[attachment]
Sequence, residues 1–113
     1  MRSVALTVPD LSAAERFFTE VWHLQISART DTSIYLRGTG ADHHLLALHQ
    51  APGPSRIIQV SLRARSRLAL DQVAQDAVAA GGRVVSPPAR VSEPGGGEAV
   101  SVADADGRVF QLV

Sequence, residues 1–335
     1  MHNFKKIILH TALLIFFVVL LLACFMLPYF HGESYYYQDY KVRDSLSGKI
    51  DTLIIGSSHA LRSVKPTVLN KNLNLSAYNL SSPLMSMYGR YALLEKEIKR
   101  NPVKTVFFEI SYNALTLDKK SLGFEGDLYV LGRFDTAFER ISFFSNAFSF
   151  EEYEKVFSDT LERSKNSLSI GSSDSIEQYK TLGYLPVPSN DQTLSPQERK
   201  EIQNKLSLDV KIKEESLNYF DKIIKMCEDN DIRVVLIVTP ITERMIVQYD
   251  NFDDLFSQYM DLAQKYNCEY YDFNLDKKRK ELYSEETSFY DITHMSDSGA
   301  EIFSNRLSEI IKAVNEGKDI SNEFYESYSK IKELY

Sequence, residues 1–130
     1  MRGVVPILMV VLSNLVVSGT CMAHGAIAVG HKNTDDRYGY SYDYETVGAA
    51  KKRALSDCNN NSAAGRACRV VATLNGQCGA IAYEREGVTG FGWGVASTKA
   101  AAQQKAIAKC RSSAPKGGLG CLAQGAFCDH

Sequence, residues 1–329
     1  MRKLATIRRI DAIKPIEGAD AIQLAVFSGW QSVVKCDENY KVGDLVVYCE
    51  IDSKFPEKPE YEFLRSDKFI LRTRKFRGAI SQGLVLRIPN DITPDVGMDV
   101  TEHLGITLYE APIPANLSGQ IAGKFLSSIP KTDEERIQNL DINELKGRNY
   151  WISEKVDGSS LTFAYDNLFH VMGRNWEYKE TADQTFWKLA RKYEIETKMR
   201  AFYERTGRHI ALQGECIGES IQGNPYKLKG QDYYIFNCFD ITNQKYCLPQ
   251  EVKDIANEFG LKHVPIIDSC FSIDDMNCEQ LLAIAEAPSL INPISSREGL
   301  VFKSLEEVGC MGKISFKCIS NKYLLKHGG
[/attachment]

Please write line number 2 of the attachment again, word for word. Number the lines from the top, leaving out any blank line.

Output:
     1  MRSVALTVPD LSAAERFFTE VWHLQISART DTSIYLRGTG ADHHLLALHQ